Thursday, 23 May 2013


Last July I wrote about a trip I made to London to see my friend, Nick Richard’s exhibition. The evening prompted me to write a poem that I want to share this post. It is, I feel, relatively straight forward and was inspired by a conversation I had that night while watching the sky darken over the river.


Corrugated, tidal river returns,
Slaps the muddy bank, again, again,
Imperious, impervious, eternal.
It was down there you tell me
You placed the etching plates,
For the Thames to pattern to its fancy,
Now rectangles of colour hang in galleries,
Messages from the river we cannot read.

Another walks that beach tonight,
Hunts for shards of London’s history,
As the mudlarks have done before him,
For this river tempts,
Hints at treasure twice a day.

You tell me the river’s beauty fades,
We no longer see those thin cranes
That suggested Martian war machines,
Just apartments, anodyne housing.

The sky is no longer the welcome pink,
That drew us out of doors to survey these changes.
Yet the past clings to every fired red brick.
Each mild steel stanchion
Holds the fading energy of other lives,
Echoes of those who moved to the rhythm of tides,
A shrinking colony of ghosts.

Each year more is lost,
Fewer buildings to ground the souls at sunrise.
So more disappear, evaporate at first light,
To go who knows where?
For energy, you say, cannot be lost,
But translates in form to something else.
As we humans erase our history
In the pursuit of the easy riches,
Evermore empty, our souls will have to touch plasterboard,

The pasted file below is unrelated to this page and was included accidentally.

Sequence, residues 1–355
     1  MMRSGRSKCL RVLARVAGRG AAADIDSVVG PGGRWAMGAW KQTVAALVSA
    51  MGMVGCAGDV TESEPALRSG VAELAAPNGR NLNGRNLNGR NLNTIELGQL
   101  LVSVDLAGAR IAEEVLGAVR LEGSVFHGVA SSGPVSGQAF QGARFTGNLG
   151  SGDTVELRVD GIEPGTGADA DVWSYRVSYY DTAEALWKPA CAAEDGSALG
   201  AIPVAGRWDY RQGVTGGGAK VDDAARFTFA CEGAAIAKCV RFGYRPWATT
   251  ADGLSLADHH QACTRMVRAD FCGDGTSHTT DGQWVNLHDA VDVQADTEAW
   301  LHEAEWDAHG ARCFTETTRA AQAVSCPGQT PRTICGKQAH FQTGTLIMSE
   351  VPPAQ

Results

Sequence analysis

Less permanent than red brick,
Insubstantial when placed against river etched plate.

I was inspired by the idea that parts of us remain behind when we die, connected to the fabric of the buildings we inhabited or worked in and how the gentrification of the river is leading to a loss of connection to our history. Paul, to whom the poem is dedicated, once placed an etching plate into the Thames and produced a series of prints from the retrieved plate.
his weekend I am reading at the Lechlade Festival and also facilitating a poetry workshop. I wonder how that will etch the writings of the people who participate and what work they will produce?

I must say I found Gatsby very disappointing, over long and unsubtle. I thought Toby Maguire was miscast and the whole thing had the look of a tableau rather than a moving film.
Have a good weekend.


  1. This is a brilliant's sad and evocative at the same time. I felt, reading it, that I could ''see'' the I used to when living in London. So much of the past is now being destroyed (as it always has been, one generation not valuing what another generation built)In London more so than anywhere else. I feel sad every time I visit to see historic buildings dwarfed by modern skyscrapers, as if we are saying: ''see, we're FAR more important than you.''